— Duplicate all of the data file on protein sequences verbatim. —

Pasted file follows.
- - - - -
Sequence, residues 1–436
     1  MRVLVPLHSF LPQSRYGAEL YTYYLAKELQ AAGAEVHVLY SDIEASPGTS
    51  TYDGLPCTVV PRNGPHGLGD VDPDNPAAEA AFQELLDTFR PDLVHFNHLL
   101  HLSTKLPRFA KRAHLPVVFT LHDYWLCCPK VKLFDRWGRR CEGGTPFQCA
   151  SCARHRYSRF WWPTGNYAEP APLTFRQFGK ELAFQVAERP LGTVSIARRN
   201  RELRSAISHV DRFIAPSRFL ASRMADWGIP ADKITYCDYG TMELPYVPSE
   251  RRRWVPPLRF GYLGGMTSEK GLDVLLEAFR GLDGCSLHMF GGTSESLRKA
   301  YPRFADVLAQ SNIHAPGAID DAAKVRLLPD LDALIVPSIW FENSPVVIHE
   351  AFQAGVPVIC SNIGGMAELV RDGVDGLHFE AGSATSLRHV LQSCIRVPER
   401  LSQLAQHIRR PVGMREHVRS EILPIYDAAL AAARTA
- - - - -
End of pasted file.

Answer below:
Sequence, residues 1–436
     1  MRVLVPLHSF LPQSRYGAEL YTYYLAKELQ AAGAEVHVLY SDIEASPGTS
    51  TYDGLPCTVV PRNGPHGLGD VDPDNPAAEA AFQELLDTFR PDLVHFNHLL
   101  HLSTKLPRFA KRAHLPVVFT LHDYWLCCPK VKLFDRWGRR CEGGTPFQCA
   151  SCARHRYSRF WWPTGNYAEP APLTFRQFGK ELAFQVAERP LGTVSIARRN
   201  RELRSAISHV DRFIAPSRFL ASRMADWGIP ADKITYCDYG TMELPYVPSE
   251  RRRWVPPLRF GYLGGMTSEK GLDVLLEAFR GLDGCSLHMF GGTSESLRKA
   301  YPRFADVLAQ SNIHAPGAID DAAKVRLLPD LDALIVPSIW FENSPVVIHE
   351  AFQAGVPVIC SNIGGMAELV RDGVDGLHFE AGSATSLRHV LQSCIRVPER
   401  LSQLAQHIRR PVGMREHVRS EILPIYDAAL AAARTA